Having survived too damp a winter, as I write we are enjoying a long spell of fine weather so I guess growers are pushing on with an element of eager anticipation in terms of what might be a quality crop come the autumn.

Through our employment consultancy known as The BTF 50 Club Horticultural Employers Association, we work for and represent about 300 growers on employment matters all over England and Scotland. What we are finding is that generally labour availability is looking tighter as the summer progresses and – given that in the vineyard sector we are having to compete for a very brief harvest period with the wider horticultural sector, it seems sensible to focus early on recruitment of this year’s harvest team. However, how should that be done and what should you bear in mind?

Options for sourcing labour and the Gangmaster & Labour Abuse Authority (“GLAA”)

Many of the small vineyards rely on locals or ‘own recruits’ who come year after year and work hard and also enjoy the harvest “craik”. For bigger operators, the local labour pool does not generally satisfy demand and so the question is how much additional labour is required and where should it come from? The options are quite varied, but they all carry with them their own pitfalls. For example, if you have a friendly fruit farmer nearby who is prepared to ‘lend’ you workers for a couple of weeks to get the job done, they are technically acting as a gangmaster in providing you with labour and you could be acting in breach of the gangmaster licensing rules in taking provision of that labour. However, if you structure the arrangement properly, it is likely that that arrangement can be slotted into one of the gangmaster licensing “exclusions” such as “farmer to farmer loans” (see: http://www.gla.gov.uk/i-am-a/i-supply-workers/do-i-need-a-glaa-licence/which-activities-need-a-licence/exclusions/) and we tend to frequently advise on how that works.

Alternatively, many in the industry prefer simply to contact a known gangmaster and take on the labour on the traditional gang labour basis, whereby you pay the gangmaster direct for the labour that he/she has provided you with and his fee covers all employment related costs including tax, National Insurance, holiday pay, etc. This is always going to be more expensive as of course the gangmaster needs to make his margin. However again, a user is potentially guilty of a criminal offence if he or she is taking labour from an unlicensed gangmaster and so at the very least the prudent labour user will look the gangmaster up on the GLAA website and check their licence and also register under the GLA ‘Active Check’ facility.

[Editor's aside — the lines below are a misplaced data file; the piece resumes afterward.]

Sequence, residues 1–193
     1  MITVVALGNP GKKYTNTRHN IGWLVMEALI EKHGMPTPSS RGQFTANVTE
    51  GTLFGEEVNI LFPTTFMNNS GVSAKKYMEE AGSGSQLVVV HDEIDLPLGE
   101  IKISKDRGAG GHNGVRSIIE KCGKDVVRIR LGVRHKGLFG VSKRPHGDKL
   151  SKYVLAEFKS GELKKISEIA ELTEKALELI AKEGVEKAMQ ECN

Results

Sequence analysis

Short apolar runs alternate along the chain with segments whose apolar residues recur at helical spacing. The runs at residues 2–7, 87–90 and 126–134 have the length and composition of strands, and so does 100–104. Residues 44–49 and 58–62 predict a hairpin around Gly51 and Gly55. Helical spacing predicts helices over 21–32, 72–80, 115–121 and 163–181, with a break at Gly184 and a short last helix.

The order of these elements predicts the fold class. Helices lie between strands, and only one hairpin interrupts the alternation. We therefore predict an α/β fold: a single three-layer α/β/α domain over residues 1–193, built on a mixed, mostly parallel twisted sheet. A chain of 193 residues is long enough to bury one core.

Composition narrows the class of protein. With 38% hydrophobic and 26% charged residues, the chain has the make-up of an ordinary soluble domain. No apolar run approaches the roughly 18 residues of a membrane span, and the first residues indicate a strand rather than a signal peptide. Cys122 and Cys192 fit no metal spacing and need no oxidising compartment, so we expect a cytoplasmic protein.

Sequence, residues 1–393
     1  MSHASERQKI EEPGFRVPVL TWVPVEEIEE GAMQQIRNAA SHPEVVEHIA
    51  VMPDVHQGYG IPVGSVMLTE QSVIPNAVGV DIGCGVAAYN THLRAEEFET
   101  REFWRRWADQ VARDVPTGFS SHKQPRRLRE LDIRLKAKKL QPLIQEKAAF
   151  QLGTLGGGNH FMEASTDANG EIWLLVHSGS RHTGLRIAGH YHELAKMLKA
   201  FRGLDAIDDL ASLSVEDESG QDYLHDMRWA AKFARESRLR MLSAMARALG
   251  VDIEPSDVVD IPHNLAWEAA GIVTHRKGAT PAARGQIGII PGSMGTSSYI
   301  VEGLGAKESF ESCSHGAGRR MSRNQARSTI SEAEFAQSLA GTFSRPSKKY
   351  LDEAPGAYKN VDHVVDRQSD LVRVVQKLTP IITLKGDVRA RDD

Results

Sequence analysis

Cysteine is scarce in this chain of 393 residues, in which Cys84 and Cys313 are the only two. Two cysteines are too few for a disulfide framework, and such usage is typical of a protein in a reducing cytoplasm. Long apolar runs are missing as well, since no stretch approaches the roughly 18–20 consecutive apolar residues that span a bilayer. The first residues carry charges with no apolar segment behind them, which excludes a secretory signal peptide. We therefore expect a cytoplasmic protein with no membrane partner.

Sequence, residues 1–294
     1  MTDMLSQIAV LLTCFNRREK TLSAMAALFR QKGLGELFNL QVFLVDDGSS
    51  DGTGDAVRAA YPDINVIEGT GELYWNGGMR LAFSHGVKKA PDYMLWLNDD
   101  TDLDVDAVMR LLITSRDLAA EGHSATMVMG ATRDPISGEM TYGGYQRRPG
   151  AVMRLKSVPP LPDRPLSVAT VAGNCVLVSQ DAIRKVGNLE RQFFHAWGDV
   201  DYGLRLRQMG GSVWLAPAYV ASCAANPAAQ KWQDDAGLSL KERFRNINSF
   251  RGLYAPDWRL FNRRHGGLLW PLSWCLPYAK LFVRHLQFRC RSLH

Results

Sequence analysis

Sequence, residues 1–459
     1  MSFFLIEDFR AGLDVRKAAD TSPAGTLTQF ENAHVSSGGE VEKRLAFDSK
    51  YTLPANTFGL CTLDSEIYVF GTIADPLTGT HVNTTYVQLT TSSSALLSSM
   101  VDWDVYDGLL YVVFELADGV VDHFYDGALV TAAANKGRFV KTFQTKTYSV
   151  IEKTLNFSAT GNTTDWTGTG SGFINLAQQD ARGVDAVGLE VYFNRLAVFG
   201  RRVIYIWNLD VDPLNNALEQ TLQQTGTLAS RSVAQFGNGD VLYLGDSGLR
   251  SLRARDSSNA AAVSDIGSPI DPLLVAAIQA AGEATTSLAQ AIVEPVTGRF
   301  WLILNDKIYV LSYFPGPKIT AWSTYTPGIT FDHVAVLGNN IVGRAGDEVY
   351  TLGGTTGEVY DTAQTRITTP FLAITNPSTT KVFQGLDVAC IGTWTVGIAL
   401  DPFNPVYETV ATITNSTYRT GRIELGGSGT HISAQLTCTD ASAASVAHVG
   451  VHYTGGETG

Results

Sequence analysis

As mentioned above, the cheaper option is own recruitment and/or word of mouth. But, a word of caution on using existing/former employees to find workers for you. Again, the gangmaster regulations may come into play since if an individual recruits labour for you while not being actually employed by you at the time, they are then acting as a gangmaster themselves and both they and you are in breach of the rules.

Paying seasonal harvest workers

Treating those that do harvest work for you under your instruction as self-employed, is generally incorrect and so HMRC are likely to challenge that – as the taxi company Uber has recently discovered in a different context. In fact, I would argue that most harvest staff are technically employees, not even workers, but, how you should you pay them and what are they entitled to?

Some farmers pay by the hour and some on piece rates. Which approach you take is immaterial, but in either case the Minimum Wage rules must be complied with. Currently anyone aged 25 and over must be paid at least £7.83 per hour and – even if on piece rates – you need to have systems in place to check that they have all received an average of the applicable minimum wage for their pay reference period (be it the day, the week or the month).

Most growers we come across these days pay all of their employees net of tax and NI through PAYE. However, strictly for those:

  •  harvesting perishable produce outside (so no good for pruning etc),
  •  paid in cash at the end of each day or part day; and
  • with no contract for further employment beyond the day in question,

it is still possible to use the harvest casual concession and details are available on the web. You must follow the rules to the letter and keep records for an absolute minimum of three years. Remember also that in all cases holiday pay is due – even for daily casuals.